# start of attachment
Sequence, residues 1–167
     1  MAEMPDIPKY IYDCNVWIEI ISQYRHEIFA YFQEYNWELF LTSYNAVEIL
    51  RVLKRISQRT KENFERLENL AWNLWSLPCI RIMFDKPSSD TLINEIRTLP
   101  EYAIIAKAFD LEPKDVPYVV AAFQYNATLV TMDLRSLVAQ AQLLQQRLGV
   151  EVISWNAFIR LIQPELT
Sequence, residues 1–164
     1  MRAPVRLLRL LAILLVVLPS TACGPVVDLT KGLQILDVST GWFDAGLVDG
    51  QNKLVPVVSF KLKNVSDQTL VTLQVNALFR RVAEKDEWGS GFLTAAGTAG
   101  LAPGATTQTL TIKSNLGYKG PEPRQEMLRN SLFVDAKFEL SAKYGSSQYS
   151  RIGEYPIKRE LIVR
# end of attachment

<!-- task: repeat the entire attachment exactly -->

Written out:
Sequence, residues 1–167
     1  MAEMPDIPKY IYDCNVWIEI ISQYRHEIFA YFQEYNWELF LTSYNAVEIL
    51  RVLKRISQRT KENFERLENL AWNLWSLPCI RIMFDKPSSD TLINEIRTLP
   101  EYAIIAKAFD LEPKDVPYVV AAFQYNATLV TMDLRSLVAQ AQLLQQRLGV
   151  EVISWNAFIR LIQPELT
Sequence, residues 1–164
     1  MRAPVRLLRL LAILLVVLPS TACGPVVDLT KGLQILDVST GWFDAGLVDG
    51  QNKLVPVVSF KLKNVSDQTL VTLQVNALFR RVAEKDEWGS GFLTAAGTAG
   101  LAPGATTQTL TIKSNLGYKG PEPRQEMLRN SLFVDAKFEL SAKYGSSQYS
   151  RIGEYPIKRE LIVR